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135 EFFECTS OF AGING AND THE ANTIHYPERTENSIVE DRUG RILMENIDINE ON NERVE GROWTH FACTOR EXPRESSION IN THE SPLEEN OF MALE F344 RATS.
  1. J. Gross1,
  2. S. Vyas1,
  3. C. A. Molinaro1,
  4. S. Perez1,
  5. B. Millar1,
  6. J. Carter1,
  7. S. Flowers1,
  8. S. ThyagaRajan1,
  9. D. L. Bellinger1
  1. 1Department of Pathology and Anatomy, School of Medicine, Loma Linda University, Loma Linda, CA.

Abstract

Previous research in our laboratory showed an age-related decline in noradrenergic (NA) sympathetic innervation of spleens from male Fischer 344 (F344) rats. Since nerve growth factor (NGF) plays an important role in determining the density of sympathetic innervation of target tissues throughout life, dysregulation of NGF expression in splenic target cells might explain the loss of sympathetic nerves. Moreover, chronically heightened sympathetic activity can also destroy nerve terminals by increased oxidative stress resulting from the breakdown of norepinephrine. The purpose of this study was to investigate whether these mechanisms are responsible for the age-related loss of splenic sympathetic nerves. Western blot analysis of NGF protein expression was evaluated in splenic lysates from untreated young (3 month) and old (18 month) male F344 rats and from 15-month-old rats treated with vehicle or rilmenidine (0.5 mg/kg and 1.5 mg/kg, bid [IP]) for 3 months to down-regulation of sympathetic activity. Our studies showed a 40% decrease in NGF protein levels in spleens from old rats compared with young adults. Noteworthy, rilmenidine induced a dose-dependent effect on NGF protein levels: administration of low and high doses of rilmenidine increased splenic NGF levels by 60 and 50%, respectively, compared with the vehicle group (sterile physiologic saline). Splenic NGF levels in the low-dose rilmenidine-treated group (500 μg/kg) were not different from those in 3-month-old F344 rats. Collectively, these findings support our hypothesis that changes in NGF protein expression might explain, at least in part, the age-related decline in sympathetic innervation of the spleen. Furthermore our data suggest that age-related changes in sympathetic activity in the spleen during middle age may precipitate the loss of NGF protein in spleens from old F344 male rats.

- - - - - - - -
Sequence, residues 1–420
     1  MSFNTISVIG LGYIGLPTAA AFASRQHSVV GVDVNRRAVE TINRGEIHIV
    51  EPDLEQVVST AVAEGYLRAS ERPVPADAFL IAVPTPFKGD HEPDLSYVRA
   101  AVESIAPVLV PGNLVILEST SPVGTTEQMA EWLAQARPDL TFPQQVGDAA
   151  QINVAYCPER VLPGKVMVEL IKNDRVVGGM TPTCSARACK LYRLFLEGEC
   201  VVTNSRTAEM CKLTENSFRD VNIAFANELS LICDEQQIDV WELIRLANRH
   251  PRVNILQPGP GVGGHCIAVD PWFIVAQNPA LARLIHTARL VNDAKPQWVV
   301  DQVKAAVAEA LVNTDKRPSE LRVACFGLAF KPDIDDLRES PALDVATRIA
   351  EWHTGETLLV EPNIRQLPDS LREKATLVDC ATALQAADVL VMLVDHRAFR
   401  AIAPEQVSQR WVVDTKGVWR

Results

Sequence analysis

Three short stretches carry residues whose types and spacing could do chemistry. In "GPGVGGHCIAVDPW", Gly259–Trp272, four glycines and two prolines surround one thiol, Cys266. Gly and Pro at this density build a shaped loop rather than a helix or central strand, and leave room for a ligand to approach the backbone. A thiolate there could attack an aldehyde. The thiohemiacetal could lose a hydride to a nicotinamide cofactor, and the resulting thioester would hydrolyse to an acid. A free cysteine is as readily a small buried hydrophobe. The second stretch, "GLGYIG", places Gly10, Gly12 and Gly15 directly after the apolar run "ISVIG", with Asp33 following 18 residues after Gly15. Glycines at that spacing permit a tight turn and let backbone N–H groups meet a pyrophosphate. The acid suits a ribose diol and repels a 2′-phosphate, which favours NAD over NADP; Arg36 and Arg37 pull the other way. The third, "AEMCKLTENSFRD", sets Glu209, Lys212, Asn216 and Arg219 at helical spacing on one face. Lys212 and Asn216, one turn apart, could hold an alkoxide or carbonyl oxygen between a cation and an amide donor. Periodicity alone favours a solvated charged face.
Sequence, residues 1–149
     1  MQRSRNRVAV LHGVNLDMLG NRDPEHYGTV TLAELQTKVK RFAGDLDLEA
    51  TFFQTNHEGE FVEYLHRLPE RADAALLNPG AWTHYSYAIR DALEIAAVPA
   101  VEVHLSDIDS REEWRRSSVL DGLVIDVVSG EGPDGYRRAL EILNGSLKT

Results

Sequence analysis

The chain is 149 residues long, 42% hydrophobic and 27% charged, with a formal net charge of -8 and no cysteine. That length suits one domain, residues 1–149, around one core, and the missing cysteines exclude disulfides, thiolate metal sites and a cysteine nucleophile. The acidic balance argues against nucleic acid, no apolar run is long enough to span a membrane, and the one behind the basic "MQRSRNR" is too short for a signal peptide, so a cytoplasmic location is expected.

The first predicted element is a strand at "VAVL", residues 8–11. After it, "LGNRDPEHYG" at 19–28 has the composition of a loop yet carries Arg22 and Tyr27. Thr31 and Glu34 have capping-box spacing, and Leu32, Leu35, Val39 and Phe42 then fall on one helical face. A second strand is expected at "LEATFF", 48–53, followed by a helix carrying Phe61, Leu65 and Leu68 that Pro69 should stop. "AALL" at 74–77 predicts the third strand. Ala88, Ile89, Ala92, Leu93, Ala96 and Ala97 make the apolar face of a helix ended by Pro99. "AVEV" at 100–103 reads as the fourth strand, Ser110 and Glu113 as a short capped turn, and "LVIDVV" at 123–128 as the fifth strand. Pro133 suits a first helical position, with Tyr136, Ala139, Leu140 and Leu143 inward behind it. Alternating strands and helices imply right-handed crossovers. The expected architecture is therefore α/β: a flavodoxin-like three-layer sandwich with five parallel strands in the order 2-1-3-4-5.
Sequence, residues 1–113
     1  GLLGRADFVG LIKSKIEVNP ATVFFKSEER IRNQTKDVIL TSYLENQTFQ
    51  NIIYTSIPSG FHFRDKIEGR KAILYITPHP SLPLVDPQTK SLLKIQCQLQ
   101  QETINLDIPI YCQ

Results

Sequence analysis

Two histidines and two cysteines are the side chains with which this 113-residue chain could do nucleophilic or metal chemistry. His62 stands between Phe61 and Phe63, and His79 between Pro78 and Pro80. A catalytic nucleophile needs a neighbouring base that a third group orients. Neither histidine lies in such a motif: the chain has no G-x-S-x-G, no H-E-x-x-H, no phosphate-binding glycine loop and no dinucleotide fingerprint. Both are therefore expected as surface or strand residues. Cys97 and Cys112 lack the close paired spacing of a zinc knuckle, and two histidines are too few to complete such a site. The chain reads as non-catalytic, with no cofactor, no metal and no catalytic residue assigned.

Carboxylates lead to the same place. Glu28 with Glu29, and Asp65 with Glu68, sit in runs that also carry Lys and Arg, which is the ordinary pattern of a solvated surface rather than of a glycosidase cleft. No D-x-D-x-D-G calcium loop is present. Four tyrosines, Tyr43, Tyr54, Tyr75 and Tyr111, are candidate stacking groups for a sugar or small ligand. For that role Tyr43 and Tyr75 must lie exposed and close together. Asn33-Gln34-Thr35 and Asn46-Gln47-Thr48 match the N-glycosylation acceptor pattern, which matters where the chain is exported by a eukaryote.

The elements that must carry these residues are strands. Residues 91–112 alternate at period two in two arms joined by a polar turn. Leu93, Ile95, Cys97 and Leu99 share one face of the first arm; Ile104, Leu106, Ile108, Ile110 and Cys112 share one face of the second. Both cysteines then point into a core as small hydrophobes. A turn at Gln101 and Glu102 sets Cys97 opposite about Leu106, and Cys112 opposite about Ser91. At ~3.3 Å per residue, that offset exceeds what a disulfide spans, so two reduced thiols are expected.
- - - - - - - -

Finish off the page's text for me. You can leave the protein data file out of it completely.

This research is supported by NIH grant NS44032.

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